Hey, Texplainer: What are the State Comptroller’s Events Trust Funds, and how do they work?
With ground broken on the Formula 1 Circuit of the Americas racetrack southeast of Austin, the racing venue recently found itself in a dispute between the city of Austin and State Comptroller Susan Combs over the use of one of four trust funds intended to encourage the hosting of events in Texas. The funds provide money up front to host events before the state recovers the money from hotel, alcoholic beverage, car rental, sales and general use taxes in the period during and after the event.
Three of the funds are limited to a 30-day period around the event to recoup tax money and are used for smaller events. The Events Trust Fund is the largest of the three and the source of the vast majority of grants. Once used only for sporting events, the fund was expanded in 2010 to include conventions and conferences. Events supported by the fund in recent years include the meeting of the North American Tri-Hull Powerboat Championship in Corpus Christi, for which the state provided $76,475; the United States Australian Football League National Championships in Austin, which received $107,230; and the American College of Gastroenterology Annual Scientific Meeting and Postgraduate Course in San Antonio, which received $831,982.
Another account, the Special Events Trust Fund, is used for events that are sited in Texas after a competitive process that includes several other possible destinations. Unlike other funds, it only uses general use and sales tax receipts to replenish the fund. The only non-sport beneficiary of the fund was the 2008 Latin Grammy Awards in Houston, which received $533,942 of state money. It is the only fund that does not require city or county governments to contribute their own money.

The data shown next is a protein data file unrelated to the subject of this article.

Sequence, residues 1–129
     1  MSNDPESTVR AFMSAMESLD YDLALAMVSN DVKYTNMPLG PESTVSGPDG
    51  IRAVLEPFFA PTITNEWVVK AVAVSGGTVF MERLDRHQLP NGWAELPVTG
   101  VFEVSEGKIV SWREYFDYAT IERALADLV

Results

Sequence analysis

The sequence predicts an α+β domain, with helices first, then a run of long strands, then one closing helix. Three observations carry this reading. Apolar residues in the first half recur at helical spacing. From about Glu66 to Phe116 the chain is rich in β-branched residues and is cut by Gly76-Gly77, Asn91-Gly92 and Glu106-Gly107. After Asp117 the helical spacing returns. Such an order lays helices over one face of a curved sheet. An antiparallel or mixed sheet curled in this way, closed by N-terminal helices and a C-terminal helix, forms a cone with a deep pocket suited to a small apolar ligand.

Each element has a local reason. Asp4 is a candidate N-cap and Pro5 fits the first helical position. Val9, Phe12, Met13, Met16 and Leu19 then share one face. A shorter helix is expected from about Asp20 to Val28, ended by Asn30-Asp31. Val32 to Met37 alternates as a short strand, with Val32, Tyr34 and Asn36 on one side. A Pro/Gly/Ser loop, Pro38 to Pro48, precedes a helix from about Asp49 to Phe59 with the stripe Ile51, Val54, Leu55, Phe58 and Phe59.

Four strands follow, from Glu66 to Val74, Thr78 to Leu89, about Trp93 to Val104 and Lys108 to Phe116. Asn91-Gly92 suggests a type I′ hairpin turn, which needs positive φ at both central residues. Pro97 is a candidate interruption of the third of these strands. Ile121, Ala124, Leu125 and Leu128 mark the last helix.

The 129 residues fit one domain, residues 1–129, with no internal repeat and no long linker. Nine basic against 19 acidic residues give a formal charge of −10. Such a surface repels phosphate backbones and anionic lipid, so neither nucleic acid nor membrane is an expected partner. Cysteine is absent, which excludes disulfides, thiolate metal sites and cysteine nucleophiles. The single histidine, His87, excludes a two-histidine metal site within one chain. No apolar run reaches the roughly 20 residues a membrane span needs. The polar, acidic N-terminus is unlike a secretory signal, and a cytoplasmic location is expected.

The Motor Sports Racing Trust Fund, as the name implies, is used to entice racing events to Texas, but is limited to those that use “temporary venues,” like the Indy Racing League events in Houston in 2006 and 2007, which received almost $3 million between them.
The fourth account, the Major Events Trust Fund is used for major national or international sporting events. Super Bowl XLV in Arlington received more than $26 million from the fund, the highest dollar figure for any event so far in the fund’s history. Like the Events Trust Fund and the Motor Sports Racing Trust Fund, the Major Events Trust Fund requires local governments to match state funding, at a ratio of $1 of local money to $6.25 of state money. But it recovers its expenditures during a 12-month period, instead of 30 days.
The fight over F1 funding came after Texas Comptroller Susan Combs approved $25 million of METF money for the Circuit of the Americas before the Austin City Council approved the allocation of city funds, some $4 million, to match the state’s. A recent city council run-off election appeared to make the approval of city money for the project unlikely, but the council recently approved the F1 proposal in a 5-2 vote.
Use of the event funds has exploded in recent years. Between fiscal years 2006 and 2009, the funds gave out less than $23 million in grants. In FY 2011 alone, that number had grown to some $78 million.
Bottom line: The four event trust funds are intended to provide upfront capital for events around the state and are replenished by a variety of locally applied taxes. In recent years, grants have become both more generous and easier to obtain.
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